Mental health problems disproportionately affect disadvantaged populations such as the poor, disabled, homeless and unemployed. 32% of individuals with low incomes have problems with depression, anxiety, or other mental health problems, vs. 16% of those with higher incomes.

Existing barriers to care—including the lack of available treatment resources, an intervention model predicated on formal medical diagnosis and the cost of treatment from psychologists—put treatment out of reach for many.

Our Social Program targets these populations and the front-line workers who serve them. The primary goal of the program is to equip participants with the skills they need to independently deal with life’s stressors. We provide mindfulness-based interventions for clients with mental illness. We also reach out to health workers with workshops designed to help them cope with the significant challenges they face daily.

Our social programs are supported in part by continuing education we provide to front line workers and professionals in all the helping professions.

Grand Challenges Canada grant program

Most recently, the Centre was awarded a Grand Challenges Canada grant, the first in mindfulness, to develop and launch an innovative mindfulness program for youth in the Philippines in conjunction with local education, child psychology and government leaders. Based on the measured success of the first phase the program will be expanded across more of the country.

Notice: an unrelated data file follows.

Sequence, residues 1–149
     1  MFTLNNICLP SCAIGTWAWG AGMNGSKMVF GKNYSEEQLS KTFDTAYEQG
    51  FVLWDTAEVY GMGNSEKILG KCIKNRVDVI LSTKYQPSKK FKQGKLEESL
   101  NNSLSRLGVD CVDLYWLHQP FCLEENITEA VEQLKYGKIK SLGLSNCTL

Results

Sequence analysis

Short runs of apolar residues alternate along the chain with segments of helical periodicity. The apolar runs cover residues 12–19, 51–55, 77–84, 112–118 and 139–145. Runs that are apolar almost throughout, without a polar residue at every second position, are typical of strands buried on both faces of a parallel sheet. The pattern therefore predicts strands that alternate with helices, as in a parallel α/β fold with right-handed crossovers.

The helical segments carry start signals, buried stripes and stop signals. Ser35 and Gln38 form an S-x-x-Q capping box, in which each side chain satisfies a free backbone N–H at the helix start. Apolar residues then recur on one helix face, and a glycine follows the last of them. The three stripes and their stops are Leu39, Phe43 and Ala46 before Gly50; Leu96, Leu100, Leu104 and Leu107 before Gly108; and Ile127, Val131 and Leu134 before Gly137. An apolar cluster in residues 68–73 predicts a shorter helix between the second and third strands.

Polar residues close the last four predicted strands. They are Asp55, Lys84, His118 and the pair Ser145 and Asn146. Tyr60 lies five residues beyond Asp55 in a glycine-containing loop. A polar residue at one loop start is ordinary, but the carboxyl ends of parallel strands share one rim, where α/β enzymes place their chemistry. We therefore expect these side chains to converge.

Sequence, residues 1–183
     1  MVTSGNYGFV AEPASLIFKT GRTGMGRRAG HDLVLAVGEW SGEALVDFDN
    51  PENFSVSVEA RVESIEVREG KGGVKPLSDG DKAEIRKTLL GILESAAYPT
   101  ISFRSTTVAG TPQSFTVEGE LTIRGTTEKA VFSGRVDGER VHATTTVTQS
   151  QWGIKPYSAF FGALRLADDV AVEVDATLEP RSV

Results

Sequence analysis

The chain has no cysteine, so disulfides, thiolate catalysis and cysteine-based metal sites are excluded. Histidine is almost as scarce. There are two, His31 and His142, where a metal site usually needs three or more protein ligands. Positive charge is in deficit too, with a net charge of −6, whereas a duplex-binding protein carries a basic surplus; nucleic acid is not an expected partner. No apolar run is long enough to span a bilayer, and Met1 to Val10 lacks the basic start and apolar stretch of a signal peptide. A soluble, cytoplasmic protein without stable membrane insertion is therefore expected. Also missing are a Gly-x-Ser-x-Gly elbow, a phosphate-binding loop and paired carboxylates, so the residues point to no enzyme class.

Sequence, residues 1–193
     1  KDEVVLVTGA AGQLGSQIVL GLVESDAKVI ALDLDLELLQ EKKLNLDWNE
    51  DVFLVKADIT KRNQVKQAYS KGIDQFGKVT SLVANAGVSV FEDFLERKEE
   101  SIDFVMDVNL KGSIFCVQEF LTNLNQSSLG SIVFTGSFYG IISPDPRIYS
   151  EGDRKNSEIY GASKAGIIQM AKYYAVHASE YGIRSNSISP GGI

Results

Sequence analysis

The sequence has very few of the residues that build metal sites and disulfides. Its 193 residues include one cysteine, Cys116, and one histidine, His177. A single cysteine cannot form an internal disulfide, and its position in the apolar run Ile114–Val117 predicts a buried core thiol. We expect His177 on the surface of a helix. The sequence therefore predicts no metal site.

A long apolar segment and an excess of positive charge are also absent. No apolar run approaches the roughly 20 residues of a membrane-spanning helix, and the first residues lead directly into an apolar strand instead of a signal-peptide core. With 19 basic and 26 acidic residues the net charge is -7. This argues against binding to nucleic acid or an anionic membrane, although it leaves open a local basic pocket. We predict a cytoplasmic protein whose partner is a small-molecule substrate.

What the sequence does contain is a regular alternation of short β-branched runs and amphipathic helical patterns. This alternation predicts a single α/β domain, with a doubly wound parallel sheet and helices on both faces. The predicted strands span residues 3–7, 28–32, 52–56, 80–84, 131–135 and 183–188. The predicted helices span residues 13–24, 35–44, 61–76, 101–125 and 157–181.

Our Bursary Program is one way that we reach out to members of the community with affordability and access issues. Thanks to the generous support of the Fourth Box Charitable Foundation, we are able to reserve spaces in each of our mindfulness-based therapy courses for bursary recipients. See our Bursary page for more info, including eligibility requirements.


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